Isn’t this exactly what A_ldiv_B!(y, C.L,b) does? LowerTriangular seems to support this method.

Seems not! Only tried it in v0.6.1.

MethodError: no method matching A_ldiv_B!(::Array{Float64,1}, ::LowerTriangular{Float64,SparseMatrixCSC{Float64,Int64}}, ::Array{Float64,1})

Indeed! I’m not sure whether master needs a patch for that, but as a workaround you can copy b to y and use the two-arguments version

A_ldiv_B!(L::LowerTriangular{T,<:SparseMatrixCSC{T}}, B::StridedVecOrMat) where {T} = fwdTriSolve!(L.data, B)

(base/sparse/linalg.jl)

Works beautifully, thanks! I guess the PR is ready. Although, I think it does the same amount of work as before :smile: but instead of copying the result, I am copying b into y, but with less allocations.

4 Likes

Is there an highly optimized Incomplete Cholesky Factorization in Julia?
Something similar to MATLAB’s ichol()?

1 Like

Not sure how optimized this is but there is https://github.com/JuliaSmoothOptimizers/LimitedLDLFactorizations.jl which is wrapped in Preconditioners.jl to provide ichol.

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This is my question as well. Since it only assumes Symmetric Matrix I wonder if one can also assume Positive Definite Matrix can lead for farther optimizations.

I tried myself by implementing a Python Code in C in my IncompleteCholeskyDecompositionThreshold Project. Yet it seems MATLAB is still faster (Also has more options).

Worth benchmarking the Julia version then perhaps attempting to accelerate it with LoopVectorization or Tullio.

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If your input matrix is posdef, it will return D posdef, effectively computing an incomplete Cholesky.

Does it have all the modes of MATLAB’s ichol()?

Matlab’s ichol is exclusively drop-tolerance-based. LimitedLDLFactorizations is first and foremost a limited-memory factorization, i.e., it lets you predefine how much fill-in you’re willing to tolerate. In addition to that, I added a simple drop tolerance long ago. Please open issues (or better yet, pull requests) for feature requests.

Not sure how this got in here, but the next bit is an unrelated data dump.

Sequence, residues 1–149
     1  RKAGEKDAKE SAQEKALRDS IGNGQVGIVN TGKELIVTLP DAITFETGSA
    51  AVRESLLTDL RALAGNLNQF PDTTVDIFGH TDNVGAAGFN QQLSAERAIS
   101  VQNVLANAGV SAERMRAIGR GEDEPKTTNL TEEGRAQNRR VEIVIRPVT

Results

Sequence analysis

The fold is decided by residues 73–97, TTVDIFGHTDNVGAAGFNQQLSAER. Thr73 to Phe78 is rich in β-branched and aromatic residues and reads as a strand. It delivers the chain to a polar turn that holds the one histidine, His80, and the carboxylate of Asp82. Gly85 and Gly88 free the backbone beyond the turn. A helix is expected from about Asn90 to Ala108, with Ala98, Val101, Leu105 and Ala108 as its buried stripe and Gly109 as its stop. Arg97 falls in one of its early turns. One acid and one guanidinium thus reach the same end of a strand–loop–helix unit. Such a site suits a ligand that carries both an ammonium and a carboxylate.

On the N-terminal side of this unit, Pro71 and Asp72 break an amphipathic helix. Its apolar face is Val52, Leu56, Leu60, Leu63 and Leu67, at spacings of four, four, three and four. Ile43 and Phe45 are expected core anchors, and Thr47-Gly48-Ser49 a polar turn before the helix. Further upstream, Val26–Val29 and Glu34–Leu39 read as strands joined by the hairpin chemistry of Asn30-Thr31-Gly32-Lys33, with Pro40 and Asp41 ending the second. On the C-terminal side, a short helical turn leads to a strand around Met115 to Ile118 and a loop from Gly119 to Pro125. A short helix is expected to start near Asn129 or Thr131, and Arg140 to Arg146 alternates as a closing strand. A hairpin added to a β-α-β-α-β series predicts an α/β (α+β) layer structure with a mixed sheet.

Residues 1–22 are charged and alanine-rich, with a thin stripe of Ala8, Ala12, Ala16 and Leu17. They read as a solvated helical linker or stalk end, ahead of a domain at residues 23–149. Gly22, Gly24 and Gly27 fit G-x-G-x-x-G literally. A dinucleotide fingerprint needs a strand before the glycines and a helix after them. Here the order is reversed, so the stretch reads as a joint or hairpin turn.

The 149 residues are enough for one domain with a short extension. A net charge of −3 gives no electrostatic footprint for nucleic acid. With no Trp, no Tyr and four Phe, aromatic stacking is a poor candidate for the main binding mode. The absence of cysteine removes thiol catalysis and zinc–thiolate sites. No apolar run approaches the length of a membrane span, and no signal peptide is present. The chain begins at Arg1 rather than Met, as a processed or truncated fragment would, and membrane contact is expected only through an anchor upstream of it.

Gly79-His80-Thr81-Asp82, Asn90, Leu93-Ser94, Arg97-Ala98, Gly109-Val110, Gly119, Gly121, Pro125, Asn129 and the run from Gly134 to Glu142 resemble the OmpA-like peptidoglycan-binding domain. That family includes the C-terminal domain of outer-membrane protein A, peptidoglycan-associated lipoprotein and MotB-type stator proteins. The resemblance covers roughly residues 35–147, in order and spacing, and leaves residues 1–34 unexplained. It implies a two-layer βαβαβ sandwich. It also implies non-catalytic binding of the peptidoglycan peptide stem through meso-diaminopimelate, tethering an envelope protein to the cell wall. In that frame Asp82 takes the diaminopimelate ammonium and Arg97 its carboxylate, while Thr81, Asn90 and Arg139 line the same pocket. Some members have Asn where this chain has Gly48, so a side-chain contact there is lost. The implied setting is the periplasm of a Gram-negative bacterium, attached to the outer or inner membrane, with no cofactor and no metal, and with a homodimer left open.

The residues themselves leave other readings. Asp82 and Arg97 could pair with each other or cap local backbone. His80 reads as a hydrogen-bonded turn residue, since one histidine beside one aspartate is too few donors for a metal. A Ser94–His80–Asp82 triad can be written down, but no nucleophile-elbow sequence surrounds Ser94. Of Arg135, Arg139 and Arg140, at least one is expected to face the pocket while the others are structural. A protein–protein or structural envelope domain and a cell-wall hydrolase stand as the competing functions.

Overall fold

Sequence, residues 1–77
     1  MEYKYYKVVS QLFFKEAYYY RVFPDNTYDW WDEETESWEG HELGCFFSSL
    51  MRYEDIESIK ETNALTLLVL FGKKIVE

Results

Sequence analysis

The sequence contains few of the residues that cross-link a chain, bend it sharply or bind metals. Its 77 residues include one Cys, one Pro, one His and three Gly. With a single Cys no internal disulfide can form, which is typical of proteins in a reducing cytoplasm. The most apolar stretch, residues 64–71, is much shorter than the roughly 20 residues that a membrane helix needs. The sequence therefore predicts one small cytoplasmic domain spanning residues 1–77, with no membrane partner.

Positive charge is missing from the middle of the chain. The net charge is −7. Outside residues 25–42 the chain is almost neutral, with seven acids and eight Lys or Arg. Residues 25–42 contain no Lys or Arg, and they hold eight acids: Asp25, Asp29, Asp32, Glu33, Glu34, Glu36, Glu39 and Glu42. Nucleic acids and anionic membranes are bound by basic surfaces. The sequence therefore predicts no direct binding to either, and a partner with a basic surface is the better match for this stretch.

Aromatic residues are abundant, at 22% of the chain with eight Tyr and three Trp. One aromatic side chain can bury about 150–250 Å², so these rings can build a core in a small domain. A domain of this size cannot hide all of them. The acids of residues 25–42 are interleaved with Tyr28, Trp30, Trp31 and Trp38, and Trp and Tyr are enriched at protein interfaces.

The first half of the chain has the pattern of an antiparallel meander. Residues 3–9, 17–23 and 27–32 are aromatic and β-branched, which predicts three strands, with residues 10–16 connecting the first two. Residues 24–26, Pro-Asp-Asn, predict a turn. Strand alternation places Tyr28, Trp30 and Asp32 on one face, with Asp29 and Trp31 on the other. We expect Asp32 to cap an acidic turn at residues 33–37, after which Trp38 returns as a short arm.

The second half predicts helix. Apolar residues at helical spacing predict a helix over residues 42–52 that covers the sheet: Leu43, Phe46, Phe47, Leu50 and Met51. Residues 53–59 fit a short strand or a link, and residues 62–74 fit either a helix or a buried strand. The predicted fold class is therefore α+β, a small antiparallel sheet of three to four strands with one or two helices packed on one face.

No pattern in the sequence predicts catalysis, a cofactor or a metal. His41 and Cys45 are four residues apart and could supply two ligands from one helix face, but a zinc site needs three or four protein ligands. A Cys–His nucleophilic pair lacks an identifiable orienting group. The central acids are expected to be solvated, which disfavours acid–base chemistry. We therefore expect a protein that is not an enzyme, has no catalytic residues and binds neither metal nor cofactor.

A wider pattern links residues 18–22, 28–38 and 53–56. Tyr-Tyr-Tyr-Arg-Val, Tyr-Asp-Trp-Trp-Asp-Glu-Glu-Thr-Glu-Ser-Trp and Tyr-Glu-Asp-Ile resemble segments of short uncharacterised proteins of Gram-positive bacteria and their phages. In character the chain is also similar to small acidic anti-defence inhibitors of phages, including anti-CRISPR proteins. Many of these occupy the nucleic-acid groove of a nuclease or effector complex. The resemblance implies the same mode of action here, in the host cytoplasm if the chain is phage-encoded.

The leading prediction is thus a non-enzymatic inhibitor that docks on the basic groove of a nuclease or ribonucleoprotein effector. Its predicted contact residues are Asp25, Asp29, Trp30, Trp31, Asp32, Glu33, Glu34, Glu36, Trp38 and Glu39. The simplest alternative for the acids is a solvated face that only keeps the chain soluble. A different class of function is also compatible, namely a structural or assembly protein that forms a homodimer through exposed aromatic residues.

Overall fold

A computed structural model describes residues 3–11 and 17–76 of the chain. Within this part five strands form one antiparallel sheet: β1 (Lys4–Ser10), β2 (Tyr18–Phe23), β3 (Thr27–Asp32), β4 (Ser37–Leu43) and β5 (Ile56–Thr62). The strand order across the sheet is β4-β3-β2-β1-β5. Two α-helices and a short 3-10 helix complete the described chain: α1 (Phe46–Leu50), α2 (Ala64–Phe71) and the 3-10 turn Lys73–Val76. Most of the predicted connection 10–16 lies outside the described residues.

1 Like

I am not sure this is accurate. Have a look at my implementation IncompleteCholeskyDecompositionThreshold Project.
From what I understand we can have 3 types of incomplete (At least those are 3 options):

  1. Threshold Based - IC( \tau ) .
    MATLAB’s ichol() supports this.
  2. Pattern Based - IC( l )
    MATLAB’s ichol() supports this with l = 0, namely only where non zero elements exists. This basically also guarantees upper memory boundary.
  3. Number of Non Zero Elements - IC( p )
    MATLAB doesn’t support this. This allows exact memory allocation control.

So what I see is that MATLAB has 2 out of 3 and has a mode to control the amount of memory.
It also has a mode for Modified Cholesky which compensate the diagonal components for the inaccurate decomposition.

If I get it correctly, LimitedLDLFactorizations.jl is doing something like (2), hence the memory allocation is a multiplication of the number of non zeros of the input matrix. Am I right?
I can see there is also support for Thresholding so if one allocates enough memory then this become (1) as well.
So we’re missing (3) and the Modified ICT.

LDL does 1, 2 and 3. It’s designed to do 3. 2 is a special case with p = 0.

OK, So If it does (3) why can’t I pre allocate memory and hand it to the function?
What about the diagonal compensation? I saw something like that on code. Could you clarify it?

See the lldl docstring. You control the amount of memory allocated for the factors via the integer p. p = 0 means that no fill-in is allowed in the factors, i.e., at most nnz(A) elements are reserved for them. p > 0 means that nnz(A) + p * n elements are reserved.

There’s no option to pass in your own memory, but feel free to open an issue (or better yet, a pull request) if that’s a crucial feature for you.